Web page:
Keeping our clients informed is important to us so we regularly publish our thoughts on topics that will be of interest to anyone involved with commercial property. We call them ‘insights’ and we hope you find them of interest.
LICENCE OR LEASE?
When a landlord wants to give a tenant a right to occupy commercial premises, it can be tempting to try and avoid the restrictions placed on lease provisions by the Retail and Commercial Leases Act by simply granting a ‘Licence’ instead of a ‘Lease’.
However, doing so is fraught with danger in that the Courts have said on a number of occasions that it is not what you call the document, it is the substance of the agreement as well as the true nature of the relationship between the parties that is critical in deciding if it is a Lease or a Licence.
What this means is that even if the agreement between the parties was negotiated on the basis that the Act wouldn’t apply, there is every chance that the Courts would find in fact that the parties had entered into a ‘Lease’ and all of the protections that the tenant is given under the Act would apply.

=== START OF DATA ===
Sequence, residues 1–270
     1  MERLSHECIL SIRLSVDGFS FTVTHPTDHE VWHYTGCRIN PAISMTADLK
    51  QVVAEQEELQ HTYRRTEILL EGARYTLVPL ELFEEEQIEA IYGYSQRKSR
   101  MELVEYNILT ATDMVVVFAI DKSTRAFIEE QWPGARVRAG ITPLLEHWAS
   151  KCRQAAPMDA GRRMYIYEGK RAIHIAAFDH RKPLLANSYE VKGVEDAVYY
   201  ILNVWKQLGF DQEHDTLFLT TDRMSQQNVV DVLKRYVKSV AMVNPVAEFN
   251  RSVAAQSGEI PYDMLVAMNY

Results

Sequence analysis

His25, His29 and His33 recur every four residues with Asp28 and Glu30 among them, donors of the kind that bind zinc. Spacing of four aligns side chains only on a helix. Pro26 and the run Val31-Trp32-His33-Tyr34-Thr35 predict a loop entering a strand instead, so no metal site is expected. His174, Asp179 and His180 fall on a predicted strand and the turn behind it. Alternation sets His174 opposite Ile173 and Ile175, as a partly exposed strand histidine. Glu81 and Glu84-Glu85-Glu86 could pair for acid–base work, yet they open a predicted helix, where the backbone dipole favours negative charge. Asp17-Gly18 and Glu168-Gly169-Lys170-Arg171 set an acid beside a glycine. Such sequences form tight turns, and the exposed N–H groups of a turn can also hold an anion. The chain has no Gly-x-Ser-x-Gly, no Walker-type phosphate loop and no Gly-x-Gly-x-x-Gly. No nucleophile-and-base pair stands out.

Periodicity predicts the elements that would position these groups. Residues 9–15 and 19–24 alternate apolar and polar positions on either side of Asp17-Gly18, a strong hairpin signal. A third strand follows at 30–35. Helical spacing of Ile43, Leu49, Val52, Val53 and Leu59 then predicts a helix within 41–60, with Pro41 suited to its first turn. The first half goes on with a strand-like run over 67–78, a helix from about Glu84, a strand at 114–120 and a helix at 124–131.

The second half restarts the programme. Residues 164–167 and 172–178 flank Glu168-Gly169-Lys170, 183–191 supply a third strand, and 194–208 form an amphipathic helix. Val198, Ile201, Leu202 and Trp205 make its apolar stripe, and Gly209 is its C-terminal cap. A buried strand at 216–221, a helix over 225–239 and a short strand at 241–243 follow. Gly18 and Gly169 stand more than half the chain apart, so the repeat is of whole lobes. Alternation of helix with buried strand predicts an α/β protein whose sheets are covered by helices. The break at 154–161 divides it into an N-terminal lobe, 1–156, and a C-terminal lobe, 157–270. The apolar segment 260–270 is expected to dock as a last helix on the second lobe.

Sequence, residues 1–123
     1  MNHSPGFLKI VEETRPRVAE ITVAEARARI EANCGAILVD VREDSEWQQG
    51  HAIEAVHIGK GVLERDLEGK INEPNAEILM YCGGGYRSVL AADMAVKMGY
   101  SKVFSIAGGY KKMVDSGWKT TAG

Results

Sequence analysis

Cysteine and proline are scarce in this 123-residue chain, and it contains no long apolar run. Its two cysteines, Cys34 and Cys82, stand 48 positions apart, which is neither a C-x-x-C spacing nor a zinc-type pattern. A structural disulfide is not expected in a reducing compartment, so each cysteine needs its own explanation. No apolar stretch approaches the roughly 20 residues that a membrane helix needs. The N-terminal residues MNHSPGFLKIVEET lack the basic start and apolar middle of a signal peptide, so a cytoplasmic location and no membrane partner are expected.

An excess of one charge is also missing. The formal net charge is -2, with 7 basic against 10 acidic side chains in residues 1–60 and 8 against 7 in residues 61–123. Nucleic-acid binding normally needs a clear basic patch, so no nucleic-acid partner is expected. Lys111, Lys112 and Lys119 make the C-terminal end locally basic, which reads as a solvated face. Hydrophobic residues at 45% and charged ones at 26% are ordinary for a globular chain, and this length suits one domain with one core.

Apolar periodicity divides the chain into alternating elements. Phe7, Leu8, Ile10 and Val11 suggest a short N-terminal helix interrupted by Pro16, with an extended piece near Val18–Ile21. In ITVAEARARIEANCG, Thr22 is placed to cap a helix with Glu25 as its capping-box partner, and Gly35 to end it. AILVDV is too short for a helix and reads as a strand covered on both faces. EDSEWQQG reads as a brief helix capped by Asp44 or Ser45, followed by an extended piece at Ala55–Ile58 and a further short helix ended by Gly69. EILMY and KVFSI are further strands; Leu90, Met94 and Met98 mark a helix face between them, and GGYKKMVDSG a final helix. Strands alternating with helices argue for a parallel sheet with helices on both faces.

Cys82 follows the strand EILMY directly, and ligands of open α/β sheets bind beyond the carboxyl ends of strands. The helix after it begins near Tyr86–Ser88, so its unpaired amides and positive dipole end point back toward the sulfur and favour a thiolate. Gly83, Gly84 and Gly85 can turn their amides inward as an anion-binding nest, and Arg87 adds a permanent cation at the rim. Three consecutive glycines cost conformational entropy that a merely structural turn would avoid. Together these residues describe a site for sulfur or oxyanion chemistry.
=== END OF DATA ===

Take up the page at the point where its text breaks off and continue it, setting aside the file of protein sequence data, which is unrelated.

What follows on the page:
For example, the landlord may think that as the Licence was only for one year, that he could terminate the arrangement at the end of that year. Not so if its found to be a Lease.
He probably didn’t give any thought to rent reviews either and when the Courts extend the Lease for 5 years (which is allowed for under the Act) he is stuck with the same rent for the entire period.
From the tenant’s point of view, why would he enter into a Licence in the first place as it can’t be transferred as it is personal to him, it can’t give him exclusive possession (because then it would most likely be a Lease), it can be terminated by the landlord and the landlord can enter onto the property at any time and can even grant Licences to other parties to use the property.
So, the main take away points are:
-If the tenant wants exclusive possession, it must be a Lease
-If the tenant wants to be able to transfer or otherwise deal with his right to occupy, it must be a Lease
-If the tenant wants protection in the event that the ownership of the land changes, then it must be a Lease
-If the parties want certainty in the eyes of the Law, it must be a Lease
However, if both parties require a casual relationship, albeit one that is documented, for a part of a property on a short-term basis without exclusive possession and they are sure that it won’t be interpreted by the Courts as a Lease, then a Licence is the way to go - which is why you don’t come across too many of them.